Who’s That Knockin’ As Volatility Rocks?
Who’s That Knockin’ As Volatility Rocks?November 24, 2021
When volatility knocks, Simpler’s traders get serious about their setups.
How do traders know who’s at the door – a pullback or a rally? Quite simply, they don’t.
That doesn’t mean traders lock the door. They look for ways to open up potential trades with what the market gives.
In anticipation of either a sharp pullback or an end-of-year rally in this nervous market, Simpler’s traders are watching the indicators for solid buying signals for a daily or weekly squeeze. That squeeze potentially can be on the short side – in which case the squeeze could cause selloffs to cascade like waterfalls.
What we know is that a nervous market can get dangerous quickly. No trader wants to find themselves in trouble after a sharp move.
As of late, high-growth stocks are beginning to get pressured. Simpler’s traders maintain careful watch on these stocks as precursors to a market pullback. What is still uncertain is whether the move to the downside is a single-day warning or if it is signalling the beginning of a market downtrend.
Also this week, bond rates increased – not a good sign for high-growth stocks. Market favorites all took hits this week.
When a pullback starts, high-growth stocks tend to be the first to feel the punch.
Despite these signs of a nervous market, there are signals hinting an end-of-year rally is building. If buying signals continue in their current pattern, taking opportunities during pullbacks could play a strategic role through the end of the year.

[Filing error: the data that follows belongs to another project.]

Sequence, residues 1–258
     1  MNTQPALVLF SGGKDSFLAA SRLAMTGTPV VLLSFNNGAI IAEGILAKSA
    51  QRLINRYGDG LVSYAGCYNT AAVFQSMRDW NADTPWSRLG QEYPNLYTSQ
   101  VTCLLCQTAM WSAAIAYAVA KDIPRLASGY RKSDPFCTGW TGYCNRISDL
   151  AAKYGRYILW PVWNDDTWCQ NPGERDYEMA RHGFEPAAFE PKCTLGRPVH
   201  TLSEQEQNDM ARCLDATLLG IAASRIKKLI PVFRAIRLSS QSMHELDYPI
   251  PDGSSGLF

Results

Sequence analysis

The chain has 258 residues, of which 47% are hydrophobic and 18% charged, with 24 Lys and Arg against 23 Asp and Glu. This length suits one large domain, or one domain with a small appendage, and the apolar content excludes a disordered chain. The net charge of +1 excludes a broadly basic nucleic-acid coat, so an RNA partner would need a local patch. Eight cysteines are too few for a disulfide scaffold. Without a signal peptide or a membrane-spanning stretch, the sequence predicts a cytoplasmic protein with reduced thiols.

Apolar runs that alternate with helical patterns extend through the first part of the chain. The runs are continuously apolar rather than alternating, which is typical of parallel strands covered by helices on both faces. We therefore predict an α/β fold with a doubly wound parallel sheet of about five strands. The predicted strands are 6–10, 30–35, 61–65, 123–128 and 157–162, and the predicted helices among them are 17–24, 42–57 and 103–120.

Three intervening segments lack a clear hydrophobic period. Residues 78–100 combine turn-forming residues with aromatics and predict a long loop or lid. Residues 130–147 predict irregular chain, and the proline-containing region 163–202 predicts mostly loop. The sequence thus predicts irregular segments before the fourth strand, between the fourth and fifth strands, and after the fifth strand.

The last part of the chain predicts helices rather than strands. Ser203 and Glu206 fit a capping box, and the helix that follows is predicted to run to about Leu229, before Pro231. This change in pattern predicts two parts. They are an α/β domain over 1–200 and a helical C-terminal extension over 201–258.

The S&P 500 has been showing solid movement, although indicators have traders wondering if the index is becoming exhausted with nothing left to give. When Simpler’s traders see weak spots in the darlings of the indices, they buckle up and prepare for a rough ride.
Technology stocks are still holding steady, but Simpler’s traders are watchful for any significant drop that could signal trouble ahead.
In today’s market, traders tend to focus their efforts on one sector – like technology – because the key tickers have generally held strong through market volatility. Simpler’s traders are reminded not to have their portfolios locked into one sector of the market.
The market can certainly trend in either direction at this point. The price action reflects a good deal of emotion in the market.
As the market opens high, it tends to go higher because sentiment is still good. When the market becomes exhausted, selloffs will happen quickly.